Referring now to FIGS. 5 and 6, in an alternate embodiment, the hair removal element 20 can be formed as a single blade 32. In this embodiment, the blade 32 depends from the support 24 and tapers from the support 24 to a tip 34. Because of this geometry, the blade 32 can easily flex as the tool 10 moves across the surface. As a result, the blade 32 can deform or deflect according to the topography of the surface to thereby form a consistent and effective contact interface with the surface. Additionally, the blade 32 contacts the surface substantially along the entire width of the blade 32, and, because moving contact between the blade 32 and the surface forms an electrostatic charge, a significant electrostatic charge develops on the blade 32, which can thereby attract a large quantity of surface hair and debris, including relatively heavy hair and debris.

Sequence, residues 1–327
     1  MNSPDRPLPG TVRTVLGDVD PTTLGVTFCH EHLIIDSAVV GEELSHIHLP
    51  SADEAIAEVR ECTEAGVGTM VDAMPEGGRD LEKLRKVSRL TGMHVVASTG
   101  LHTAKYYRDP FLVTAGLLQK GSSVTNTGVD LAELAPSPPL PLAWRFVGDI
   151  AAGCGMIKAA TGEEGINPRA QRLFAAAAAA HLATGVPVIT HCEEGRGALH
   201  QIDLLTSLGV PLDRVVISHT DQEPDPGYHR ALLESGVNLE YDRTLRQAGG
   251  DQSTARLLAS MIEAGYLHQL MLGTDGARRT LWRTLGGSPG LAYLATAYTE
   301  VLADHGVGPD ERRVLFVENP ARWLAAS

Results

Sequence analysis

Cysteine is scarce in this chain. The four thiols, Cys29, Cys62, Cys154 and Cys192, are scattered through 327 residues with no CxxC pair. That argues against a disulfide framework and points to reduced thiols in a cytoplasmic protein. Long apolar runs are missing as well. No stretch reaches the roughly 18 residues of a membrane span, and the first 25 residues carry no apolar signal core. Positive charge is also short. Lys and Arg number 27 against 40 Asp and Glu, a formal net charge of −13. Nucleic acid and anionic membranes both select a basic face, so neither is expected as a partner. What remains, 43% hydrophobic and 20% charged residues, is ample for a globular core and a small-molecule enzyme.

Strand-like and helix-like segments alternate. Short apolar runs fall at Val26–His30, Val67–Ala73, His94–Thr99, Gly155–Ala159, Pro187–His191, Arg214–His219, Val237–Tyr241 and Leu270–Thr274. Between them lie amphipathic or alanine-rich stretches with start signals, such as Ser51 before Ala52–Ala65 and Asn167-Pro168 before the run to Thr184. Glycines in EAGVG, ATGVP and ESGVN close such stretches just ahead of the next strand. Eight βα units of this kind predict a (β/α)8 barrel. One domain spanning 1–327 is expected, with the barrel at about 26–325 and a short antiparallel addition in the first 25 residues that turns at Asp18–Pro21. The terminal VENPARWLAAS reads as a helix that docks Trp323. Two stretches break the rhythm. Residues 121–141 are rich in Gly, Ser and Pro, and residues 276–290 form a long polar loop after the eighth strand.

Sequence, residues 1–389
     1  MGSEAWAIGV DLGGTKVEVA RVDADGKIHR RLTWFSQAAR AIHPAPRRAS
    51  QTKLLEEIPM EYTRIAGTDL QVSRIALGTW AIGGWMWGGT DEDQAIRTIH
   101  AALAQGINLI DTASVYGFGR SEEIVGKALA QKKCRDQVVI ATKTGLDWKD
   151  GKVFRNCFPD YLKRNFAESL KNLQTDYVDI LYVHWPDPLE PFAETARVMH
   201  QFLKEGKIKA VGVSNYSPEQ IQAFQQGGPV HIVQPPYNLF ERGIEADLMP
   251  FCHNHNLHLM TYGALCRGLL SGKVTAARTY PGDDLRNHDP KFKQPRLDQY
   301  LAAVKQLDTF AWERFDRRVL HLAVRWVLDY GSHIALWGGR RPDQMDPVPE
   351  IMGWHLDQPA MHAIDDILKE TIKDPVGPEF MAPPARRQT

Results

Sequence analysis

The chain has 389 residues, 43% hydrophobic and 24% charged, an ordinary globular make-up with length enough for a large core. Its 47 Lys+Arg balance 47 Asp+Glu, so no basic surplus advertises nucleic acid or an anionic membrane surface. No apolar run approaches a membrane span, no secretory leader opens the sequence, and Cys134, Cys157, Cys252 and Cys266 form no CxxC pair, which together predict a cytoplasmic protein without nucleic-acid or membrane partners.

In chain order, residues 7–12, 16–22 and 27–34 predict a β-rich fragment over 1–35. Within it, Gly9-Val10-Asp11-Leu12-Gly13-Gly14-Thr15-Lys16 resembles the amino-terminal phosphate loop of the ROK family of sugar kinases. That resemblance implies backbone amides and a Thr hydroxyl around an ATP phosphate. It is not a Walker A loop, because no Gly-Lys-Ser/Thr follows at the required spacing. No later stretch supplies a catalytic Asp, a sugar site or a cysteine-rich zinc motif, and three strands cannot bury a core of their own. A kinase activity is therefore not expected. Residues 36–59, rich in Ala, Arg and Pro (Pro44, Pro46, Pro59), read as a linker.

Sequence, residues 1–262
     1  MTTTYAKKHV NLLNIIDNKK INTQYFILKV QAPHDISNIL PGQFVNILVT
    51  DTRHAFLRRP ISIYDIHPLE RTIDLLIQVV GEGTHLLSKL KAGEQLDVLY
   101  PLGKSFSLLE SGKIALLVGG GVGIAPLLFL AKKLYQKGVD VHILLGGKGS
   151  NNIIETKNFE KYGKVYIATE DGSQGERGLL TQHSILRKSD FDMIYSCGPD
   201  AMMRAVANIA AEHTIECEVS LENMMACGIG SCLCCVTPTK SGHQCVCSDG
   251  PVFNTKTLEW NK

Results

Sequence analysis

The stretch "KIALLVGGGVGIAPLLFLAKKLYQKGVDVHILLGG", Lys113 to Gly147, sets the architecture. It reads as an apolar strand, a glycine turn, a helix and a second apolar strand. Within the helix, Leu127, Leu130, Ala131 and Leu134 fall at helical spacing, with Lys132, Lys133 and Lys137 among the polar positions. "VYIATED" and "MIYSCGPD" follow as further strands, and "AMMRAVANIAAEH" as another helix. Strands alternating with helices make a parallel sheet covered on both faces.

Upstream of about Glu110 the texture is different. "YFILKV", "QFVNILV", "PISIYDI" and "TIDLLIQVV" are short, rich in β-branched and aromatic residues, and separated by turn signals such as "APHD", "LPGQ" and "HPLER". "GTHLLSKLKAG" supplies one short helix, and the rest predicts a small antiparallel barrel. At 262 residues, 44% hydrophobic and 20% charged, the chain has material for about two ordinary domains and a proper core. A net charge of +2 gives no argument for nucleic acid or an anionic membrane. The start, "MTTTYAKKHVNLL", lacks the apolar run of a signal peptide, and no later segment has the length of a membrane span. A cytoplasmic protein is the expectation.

Referring back to FIGS. 1-4, the lower housing 14 further comprises a working air conduit 36 positioned on an end opposite the suction nozzle 18. The working air conduit 36 fluidly communicates the suction nozzle 18 with a remote suction source, as is commonly found in an upright or canister vacuum cleaner. The working air conduit 36 is typically connected to the upright or canister vacuum cleaner via a flexible hose. A lower agitator chamber 38 is formed in a forward portion of the lower housing 14 in close proximity to and in fluid communication with the suction nozzle 18. A commonly known agitator assembly 40 in the form of a brush roll comprising a dowel 48 that supports a plurality of bristles 46, as is well-known in the vacuum cleaner art, is rotatably mounted within the agitator chamber 38 via bearing assemblies 42, which are located on the ends of the dowel 48. The bearing assemblies 42 are mounted to corresponding brush bearing supports 44 of the lower housing 14, as is also well-known in the vacuum cleaner art. The agitator assembly 40 further comprises an agitator pulley 47 formed on the dowel 43 between the bearing assemblies 42.